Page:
Bamboo and blossoms: Chinese flower paintings at the Ashmolean

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A small show at the Ashmolean explores the theme of Chinese gardens, through representations of garden scenes and garden plants. As you might expect, the stars of the show are the “Four Gentlemen” – orchid, bamboo, chrysanthemum and plum blossom, the four plants that commonly symbolize the transition of the seasons in Chinese ink-brush painting, and often convey certain moral attributes.

Bamboo on Rock is one such painting by Fu Shuda (d. 1960?) – a striking work that may refer to a poem by Zheng Xie (1693-1766), about bamboo growing out of rocks, such is its toughness. Autumn Chrysanthemum by Xu Gu (1824-1896) is a smaller, more delicate work. Again there may be a literary allusion, this time to a poem by Tao Yuanming from the Six Dynasties period (c. 220-589), describing his life after quitting government service: “I pluck chrysanthemums under the eastern hedge, then gaze long at the distant summer hills”. I also coveted a small dish in blue and white from the Kangxi period (1662-1722), with a design of plum blossom and a fourteen-character poem.  In fact, the connections with literature and scholarship are ubiquitous, such was the importance of these plants in Chinese literati culture.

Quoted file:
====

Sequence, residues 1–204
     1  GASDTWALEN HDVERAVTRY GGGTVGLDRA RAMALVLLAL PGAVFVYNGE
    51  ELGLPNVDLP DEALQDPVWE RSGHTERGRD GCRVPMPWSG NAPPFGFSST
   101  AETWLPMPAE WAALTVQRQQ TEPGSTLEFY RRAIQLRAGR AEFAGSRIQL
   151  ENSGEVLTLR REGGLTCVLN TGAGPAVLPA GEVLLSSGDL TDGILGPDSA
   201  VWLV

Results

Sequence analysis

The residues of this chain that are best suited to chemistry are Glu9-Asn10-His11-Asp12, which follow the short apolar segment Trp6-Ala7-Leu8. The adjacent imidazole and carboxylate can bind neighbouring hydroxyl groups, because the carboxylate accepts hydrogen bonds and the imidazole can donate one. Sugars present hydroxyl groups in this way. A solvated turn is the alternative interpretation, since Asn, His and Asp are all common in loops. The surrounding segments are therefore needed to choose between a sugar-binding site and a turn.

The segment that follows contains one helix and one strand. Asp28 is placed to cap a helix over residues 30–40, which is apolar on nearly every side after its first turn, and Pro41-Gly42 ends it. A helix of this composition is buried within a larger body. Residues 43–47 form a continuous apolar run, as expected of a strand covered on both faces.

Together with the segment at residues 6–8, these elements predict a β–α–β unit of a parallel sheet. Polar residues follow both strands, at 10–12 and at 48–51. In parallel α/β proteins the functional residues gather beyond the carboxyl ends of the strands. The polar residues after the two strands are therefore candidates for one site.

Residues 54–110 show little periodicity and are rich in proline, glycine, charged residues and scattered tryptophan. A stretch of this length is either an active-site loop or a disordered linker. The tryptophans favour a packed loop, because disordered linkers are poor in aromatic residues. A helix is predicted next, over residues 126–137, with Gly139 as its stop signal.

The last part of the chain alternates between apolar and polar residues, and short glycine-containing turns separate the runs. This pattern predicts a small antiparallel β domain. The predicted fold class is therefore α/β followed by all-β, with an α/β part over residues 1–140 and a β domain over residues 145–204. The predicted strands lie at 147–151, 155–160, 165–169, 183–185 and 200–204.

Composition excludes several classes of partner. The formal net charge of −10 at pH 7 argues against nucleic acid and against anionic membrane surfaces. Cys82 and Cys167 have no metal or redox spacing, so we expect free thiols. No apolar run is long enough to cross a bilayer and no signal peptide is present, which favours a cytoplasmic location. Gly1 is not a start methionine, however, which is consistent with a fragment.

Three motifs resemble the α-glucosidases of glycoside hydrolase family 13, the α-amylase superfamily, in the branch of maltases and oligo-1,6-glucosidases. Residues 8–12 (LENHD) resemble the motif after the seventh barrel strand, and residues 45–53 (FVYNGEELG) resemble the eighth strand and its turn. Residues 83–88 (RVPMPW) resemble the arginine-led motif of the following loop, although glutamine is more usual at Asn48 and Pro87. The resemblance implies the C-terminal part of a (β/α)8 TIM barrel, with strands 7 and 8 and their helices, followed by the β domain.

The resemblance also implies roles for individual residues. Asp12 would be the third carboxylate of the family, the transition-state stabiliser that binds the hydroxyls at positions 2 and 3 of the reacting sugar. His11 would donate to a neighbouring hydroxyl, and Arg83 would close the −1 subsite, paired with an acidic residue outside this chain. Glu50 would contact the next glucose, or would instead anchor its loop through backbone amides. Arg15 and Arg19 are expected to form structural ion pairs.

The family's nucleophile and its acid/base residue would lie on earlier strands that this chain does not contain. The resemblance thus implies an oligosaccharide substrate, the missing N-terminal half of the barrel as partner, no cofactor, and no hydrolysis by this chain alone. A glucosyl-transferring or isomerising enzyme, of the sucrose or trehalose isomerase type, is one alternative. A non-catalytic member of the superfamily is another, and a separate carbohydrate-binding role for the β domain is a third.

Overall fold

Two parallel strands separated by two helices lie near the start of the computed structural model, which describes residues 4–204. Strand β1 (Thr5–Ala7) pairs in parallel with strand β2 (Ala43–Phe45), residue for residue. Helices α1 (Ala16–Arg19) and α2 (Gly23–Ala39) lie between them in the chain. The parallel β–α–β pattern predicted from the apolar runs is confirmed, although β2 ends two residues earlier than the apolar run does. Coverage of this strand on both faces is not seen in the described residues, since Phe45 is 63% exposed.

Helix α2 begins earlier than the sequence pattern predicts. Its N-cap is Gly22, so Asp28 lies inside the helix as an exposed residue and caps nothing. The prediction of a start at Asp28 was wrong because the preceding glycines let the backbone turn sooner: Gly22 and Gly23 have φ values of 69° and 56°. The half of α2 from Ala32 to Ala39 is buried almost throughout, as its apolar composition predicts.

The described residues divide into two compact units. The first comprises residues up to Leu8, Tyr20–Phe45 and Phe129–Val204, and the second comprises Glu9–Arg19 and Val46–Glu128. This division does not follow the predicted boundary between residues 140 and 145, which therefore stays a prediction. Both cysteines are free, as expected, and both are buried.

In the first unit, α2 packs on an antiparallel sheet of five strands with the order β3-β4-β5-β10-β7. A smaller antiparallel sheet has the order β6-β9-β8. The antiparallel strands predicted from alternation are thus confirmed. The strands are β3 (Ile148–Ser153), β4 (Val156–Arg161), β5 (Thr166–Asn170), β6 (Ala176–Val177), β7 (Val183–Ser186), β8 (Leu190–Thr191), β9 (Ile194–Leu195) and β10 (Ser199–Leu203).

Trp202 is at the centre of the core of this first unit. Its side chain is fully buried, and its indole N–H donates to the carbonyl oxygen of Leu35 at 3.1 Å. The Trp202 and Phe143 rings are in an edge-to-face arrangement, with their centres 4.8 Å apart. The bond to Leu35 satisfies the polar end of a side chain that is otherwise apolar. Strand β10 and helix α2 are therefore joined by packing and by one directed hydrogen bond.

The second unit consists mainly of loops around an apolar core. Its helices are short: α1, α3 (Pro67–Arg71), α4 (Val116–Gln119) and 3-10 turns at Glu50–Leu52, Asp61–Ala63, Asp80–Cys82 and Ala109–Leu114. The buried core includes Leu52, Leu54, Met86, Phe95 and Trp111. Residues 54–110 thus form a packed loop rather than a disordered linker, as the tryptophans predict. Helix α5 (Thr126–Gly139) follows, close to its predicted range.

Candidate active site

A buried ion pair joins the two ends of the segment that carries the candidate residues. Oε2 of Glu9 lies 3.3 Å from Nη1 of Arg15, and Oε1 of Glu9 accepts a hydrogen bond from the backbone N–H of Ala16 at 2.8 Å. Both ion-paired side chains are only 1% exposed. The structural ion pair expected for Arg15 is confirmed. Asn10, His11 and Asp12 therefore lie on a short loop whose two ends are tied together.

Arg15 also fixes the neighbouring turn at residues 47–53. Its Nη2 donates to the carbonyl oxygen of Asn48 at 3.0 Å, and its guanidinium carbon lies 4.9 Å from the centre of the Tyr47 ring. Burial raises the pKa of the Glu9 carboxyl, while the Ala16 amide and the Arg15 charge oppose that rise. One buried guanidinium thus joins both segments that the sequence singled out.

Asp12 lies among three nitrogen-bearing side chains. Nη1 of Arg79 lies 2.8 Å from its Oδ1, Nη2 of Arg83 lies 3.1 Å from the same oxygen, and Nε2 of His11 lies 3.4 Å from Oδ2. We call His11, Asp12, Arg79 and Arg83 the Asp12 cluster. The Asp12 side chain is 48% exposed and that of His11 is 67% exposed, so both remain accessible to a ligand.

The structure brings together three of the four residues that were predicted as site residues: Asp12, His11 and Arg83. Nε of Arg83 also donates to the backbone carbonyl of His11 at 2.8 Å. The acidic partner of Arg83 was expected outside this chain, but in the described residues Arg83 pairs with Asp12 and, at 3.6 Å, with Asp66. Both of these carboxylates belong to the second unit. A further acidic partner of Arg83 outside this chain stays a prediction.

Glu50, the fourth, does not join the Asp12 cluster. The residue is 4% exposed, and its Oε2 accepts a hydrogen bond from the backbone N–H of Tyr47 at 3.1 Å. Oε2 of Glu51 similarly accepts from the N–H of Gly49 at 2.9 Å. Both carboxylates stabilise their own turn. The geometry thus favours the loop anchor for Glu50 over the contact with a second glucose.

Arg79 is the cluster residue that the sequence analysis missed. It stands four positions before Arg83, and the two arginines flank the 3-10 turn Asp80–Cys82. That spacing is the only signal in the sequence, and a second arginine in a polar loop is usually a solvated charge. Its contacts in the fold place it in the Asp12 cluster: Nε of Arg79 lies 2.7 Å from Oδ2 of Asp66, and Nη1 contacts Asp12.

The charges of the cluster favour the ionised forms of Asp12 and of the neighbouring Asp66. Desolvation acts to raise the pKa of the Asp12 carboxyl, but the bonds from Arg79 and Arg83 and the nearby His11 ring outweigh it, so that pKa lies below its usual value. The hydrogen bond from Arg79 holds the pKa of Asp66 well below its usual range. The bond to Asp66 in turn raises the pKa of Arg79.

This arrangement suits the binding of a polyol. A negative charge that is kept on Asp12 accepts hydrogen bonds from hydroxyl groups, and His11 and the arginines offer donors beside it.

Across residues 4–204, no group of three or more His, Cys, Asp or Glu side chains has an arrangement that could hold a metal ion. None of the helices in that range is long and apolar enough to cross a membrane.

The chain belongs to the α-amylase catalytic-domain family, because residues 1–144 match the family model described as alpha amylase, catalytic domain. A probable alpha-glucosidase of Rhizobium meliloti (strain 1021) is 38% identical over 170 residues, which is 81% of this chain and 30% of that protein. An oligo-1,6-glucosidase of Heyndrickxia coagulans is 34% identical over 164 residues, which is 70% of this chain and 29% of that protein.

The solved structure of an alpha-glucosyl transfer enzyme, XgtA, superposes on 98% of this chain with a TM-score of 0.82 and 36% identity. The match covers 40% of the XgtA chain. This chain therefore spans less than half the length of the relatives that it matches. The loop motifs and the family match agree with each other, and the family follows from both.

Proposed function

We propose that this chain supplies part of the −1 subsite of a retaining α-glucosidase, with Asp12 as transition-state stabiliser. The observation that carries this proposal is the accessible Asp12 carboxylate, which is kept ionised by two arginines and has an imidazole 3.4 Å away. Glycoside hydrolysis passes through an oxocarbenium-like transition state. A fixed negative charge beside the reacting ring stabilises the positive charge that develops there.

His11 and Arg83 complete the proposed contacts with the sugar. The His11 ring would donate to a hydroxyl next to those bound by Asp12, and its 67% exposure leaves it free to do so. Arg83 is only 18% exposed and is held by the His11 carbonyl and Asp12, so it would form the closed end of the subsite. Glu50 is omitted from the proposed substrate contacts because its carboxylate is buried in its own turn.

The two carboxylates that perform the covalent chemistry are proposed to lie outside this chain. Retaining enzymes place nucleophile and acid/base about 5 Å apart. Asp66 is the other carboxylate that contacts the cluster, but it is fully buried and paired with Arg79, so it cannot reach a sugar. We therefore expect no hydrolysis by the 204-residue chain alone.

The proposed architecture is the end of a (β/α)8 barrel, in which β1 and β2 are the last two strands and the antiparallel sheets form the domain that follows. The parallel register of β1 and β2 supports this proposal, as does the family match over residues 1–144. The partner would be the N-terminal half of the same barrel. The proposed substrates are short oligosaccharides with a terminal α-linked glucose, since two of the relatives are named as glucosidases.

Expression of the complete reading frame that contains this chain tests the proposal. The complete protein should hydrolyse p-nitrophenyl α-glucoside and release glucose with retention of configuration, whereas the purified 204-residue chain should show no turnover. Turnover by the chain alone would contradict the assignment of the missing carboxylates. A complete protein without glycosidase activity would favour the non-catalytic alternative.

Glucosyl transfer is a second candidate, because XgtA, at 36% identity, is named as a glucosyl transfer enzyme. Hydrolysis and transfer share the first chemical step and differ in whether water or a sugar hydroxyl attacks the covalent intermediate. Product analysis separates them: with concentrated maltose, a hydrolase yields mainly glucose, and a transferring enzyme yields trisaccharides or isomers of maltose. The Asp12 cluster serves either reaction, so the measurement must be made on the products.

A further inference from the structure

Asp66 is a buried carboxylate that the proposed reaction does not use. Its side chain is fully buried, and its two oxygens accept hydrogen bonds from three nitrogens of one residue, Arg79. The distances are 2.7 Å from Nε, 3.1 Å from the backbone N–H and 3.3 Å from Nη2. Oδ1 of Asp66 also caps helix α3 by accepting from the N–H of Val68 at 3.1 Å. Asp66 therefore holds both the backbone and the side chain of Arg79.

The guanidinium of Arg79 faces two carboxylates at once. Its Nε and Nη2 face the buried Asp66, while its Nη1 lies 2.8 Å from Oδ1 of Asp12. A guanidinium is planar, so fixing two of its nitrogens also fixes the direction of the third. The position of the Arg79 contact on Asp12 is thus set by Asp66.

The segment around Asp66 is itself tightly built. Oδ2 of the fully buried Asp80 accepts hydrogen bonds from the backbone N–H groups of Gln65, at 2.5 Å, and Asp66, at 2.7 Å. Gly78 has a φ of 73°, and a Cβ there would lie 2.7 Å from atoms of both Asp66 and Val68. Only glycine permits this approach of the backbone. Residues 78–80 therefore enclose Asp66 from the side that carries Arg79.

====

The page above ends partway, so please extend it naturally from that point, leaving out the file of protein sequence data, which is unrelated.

A View of Chinese Gardens
Ashmolean Museum, Oxford
5 August to 30 November 2014

If the museum releases an online version of the exhibition, I will update this page with the link.

Above: Cheng Shifa, Birds in Plantain Leaves, 1978. Album leaf; ink and colour on paper. Height 34cm; width 42cm. Ashmolean Museum. Image: Ashmolean Museum, at http://www.jameelcentre.ashmolean.org/object/EA1995.175.b.